Equities have been enjoying one of the longest bull runs in history (particularly in the US), dragging valuations away from attractive levels. This exposes the vulnerability of equities to the wider economic cycle, the behaviour of central banks, and the general threat of unexpected influences and events.
Meanwhile, with global bond yields suppressed, the relative attractiveness of fixed income has fallen too, especially as bonds may not be able to provide the same diversification benefits they have historically offered during risk-off periods.
Government bonds have traditionally been the ‘diversifiers-in-chief’ but today they have a major issue – valuations are expensive.
With many major bond yields already very low (partly as a result of years of global central bank easing) the true protection that bonds will be able to offer investors during the next crisis is being called into question.
We believe investors should view investments classified as ‘alternatives’ as more than just risk mitigation tools; amid a seemingly lacklustre set of opportunities in traditional markets, investors may be well served in seeking returns from less traditional markets.
Indeed, investors can hardly fail to notice that a large swathe of traditional return drivers have been treading water (or displaying outright weakness) so far this year, illustrating the importance of finding alternative sources of return within multi-asset portfolios.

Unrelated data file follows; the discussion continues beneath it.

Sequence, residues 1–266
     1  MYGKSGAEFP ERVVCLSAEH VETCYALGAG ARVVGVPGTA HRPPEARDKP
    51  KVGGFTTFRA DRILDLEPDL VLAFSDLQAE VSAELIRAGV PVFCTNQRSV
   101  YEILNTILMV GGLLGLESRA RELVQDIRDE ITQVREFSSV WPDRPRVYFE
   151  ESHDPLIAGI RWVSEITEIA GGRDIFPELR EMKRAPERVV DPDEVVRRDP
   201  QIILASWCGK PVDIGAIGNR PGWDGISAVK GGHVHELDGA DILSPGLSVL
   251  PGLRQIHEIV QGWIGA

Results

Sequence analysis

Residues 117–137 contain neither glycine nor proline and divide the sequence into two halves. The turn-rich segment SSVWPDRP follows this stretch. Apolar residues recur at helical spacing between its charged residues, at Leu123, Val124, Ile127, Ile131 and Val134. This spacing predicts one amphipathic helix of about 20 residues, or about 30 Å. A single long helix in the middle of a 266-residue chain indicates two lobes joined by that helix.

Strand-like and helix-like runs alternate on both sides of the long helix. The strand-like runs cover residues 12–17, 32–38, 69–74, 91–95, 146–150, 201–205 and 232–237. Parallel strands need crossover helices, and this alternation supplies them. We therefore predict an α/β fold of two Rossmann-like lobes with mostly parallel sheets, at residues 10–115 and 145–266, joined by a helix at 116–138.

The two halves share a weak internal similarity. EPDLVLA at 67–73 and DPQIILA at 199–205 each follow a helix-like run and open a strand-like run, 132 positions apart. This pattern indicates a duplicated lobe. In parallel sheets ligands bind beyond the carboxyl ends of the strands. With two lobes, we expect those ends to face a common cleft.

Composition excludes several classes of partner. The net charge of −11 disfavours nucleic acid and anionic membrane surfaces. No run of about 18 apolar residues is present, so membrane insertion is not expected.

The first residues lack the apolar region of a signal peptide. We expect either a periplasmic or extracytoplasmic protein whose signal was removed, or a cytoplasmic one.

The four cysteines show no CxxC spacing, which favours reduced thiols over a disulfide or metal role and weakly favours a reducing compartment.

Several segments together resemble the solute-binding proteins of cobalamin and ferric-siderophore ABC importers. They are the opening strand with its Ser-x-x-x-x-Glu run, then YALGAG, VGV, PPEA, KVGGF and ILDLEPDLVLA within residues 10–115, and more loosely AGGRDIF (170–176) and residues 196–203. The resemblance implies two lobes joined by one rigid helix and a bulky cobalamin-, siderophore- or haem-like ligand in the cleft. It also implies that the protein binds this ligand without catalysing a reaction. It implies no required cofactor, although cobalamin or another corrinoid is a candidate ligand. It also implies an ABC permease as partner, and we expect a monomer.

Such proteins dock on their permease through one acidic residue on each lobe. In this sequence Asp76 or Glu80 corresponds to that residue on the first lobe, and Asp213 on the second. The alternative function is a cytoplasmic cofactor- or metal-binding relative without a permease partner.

Compounding this, investors are increasingly seeing signals that previously well established relationships between asset classes are breaking down. Investors should be paying close attention to these changing dynamics, as if traditional equity market volatility starts to rise as the cycle evolves, traditional asset classes may struggle.
What’s more, on the heels of a period of markedly low volatility when set in a longer-term context, investors must not become complacent.
Gaining alternative sources of returns and protection through alternative assets
Where, then, can investors find these alternative sources of returns over the long term, and what health warnings come with these assets?
Private markets (such as infrastructure and property debt) can provide an attractive yield premium over their public counterparts due to higher barriers to entry and more inefficient market structures.
Commercial property would also fit into the category of alternative return drivers, but investors must be mindful of valuations and exposure to rising yields. Infrastructure and social housing, where the drivers are a lot more idiosyncratic and uncorrelated to the broader business cycle, also tend to offer something different.
In the commodities space, energy and industrial metals (which can be driven by market-specific supply/demand factors) can provide an inflation hedge, though lately metals have behaved unhappily, similar to emerging markets.
Elsewhere, some hedge funds have a demonstrable history of generating uncorrelated active returns through trading more niche markets such as volatility futures and energy contracts. Investors could also consider a hedge fund cohort we can describe as ‘volatility winners’ – designed to swiftly change positioning as market trends change direction, potentially benefiting as market volatility rises.